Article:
The China city of Shenzhen has launched a new trial program to further promote the use of the country's recently launched digital currency, called the Digital Currency Electronic Payment (DC/EP), and further develop the technology. The municipal government announced that it will be holding a giving away the currency to lucky residents through a lottery.

All individuals living in Shenzhen will be allowed to take part in the lottery, which will be giving away digital currency packages worth 10 million yuan or roughly around $1.49 million. About 50,000 packets will be given away with each packet being worth 200 yuan.

Residents interested in joining the lottery will have to first register for the program. After they register using their mobile phone numbers and valid identification cards, participants will simply have to wait for a text message to know if they were one of the chosen winners.

Winners of the lottery will be given instructions on how to open a digital wallet and download the digital yuan application for them to receive their packets. Those who receive the packets will be able to use the digital money, which will be considered as good as cash, in over 3,389 merchants located in the Luohu district of Shenzhen, Guangdong province.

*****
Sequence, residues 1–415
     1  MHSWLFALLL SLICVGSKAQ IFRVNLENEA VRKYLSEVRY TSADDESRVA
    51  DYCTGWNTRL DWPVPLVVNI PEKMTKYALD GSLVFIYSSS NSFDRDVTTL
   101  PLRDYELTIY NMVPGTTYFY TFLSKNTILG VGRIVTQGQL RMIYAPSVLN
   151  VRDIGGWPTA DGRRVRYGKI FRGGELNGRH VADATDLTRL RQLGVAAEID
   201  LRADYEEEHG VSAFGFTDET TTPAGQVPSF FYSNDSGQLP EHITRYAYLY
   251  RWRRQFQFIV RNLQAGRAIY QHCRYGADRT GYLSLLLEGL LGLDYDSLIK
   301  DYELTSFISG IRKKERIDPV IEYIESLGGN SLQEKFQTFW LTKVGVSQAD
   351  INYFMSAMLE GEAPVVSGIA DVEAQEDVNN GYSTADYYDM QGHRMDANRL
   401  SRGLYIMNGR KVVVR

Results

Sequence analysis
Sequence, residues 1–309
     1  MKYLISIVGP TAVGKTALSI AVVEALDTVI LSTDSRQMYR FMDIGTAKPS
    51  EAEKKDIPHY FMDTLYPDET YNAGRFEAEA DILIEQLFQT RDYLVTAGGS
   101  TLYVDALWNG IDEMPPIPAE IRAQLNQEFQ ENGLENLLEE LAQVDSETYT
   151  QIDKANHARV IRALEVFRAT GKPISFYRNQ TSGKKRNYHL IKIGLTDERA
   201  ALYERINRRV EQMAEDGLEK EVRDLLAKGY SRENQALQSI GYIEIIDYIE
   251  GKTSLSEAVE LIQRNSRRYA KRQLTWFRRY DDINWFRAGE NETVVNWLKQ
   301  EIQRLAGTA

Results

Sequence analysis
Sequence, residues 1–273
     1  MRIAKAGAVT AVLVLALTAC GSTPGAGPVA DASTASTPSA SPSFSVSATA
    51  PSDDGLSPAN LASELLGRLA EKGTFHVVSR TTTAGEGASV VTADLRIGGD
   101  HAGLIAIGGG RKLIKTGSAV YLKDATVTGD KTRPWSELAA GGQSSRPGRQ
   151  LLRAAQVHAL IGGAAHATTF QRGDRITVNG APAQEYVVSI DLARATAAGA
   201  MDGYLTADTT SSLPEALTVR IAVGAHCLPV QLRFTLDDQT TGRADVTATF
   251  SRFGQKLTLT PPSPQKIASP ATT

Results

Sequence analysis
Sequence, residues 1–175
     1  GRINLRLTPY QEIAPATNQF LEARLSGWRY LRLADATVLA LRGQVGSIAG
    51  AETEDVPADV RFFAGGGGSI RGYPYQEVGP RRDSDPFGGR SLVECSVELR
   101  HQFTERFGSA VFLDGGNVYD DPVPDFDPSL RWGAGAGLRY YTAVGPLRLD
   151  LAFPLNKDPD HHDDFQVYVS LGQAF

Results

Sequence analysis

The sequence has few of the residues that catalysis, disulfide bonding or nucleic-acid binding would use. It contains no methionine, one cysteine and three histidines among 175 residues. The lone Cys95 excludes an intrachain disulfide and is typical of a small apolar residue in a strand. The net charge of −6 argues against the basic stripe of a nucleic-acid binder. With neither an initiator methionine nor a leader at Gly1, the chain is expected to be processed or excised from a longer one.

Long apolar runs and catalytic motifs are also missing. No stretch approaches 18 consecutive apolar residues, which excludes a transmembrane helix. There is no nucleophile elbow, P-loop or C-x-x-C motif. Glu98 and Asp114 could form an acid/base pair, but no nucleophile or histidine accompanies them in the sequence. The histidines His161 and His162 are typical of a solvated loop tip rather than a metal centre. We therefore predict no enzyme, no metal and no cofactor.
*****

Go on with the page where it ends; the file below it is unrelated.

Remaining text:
The merchants that had participated in the program have reportedly all completed the necessary modifications to their systems to receive the digital yuan. Participating merchants include supermarkets, restaurants, retailers and lifestyle service providers. The packets will only be valid until 12 midnight Oct. 19.

Shenzhen's program is meant to further research and test use-case scenarios for the recently launched digital yuan. Several other Chinese cities have launched their own program to test out the digital money. According to the People's Bank of China, transactions using the digital currency have so far exceeded 1.1 yuan since it was launched. The value was reached through over 3.13 million transactions conducted throughout various pilot programs in select cities and regions.

Since its launch in August, the PBOC has managed to identify more than 6,700 use cases for the digital currency. This includes more common transactions such as retail purchases to relatively newer use cases such as payment for government services.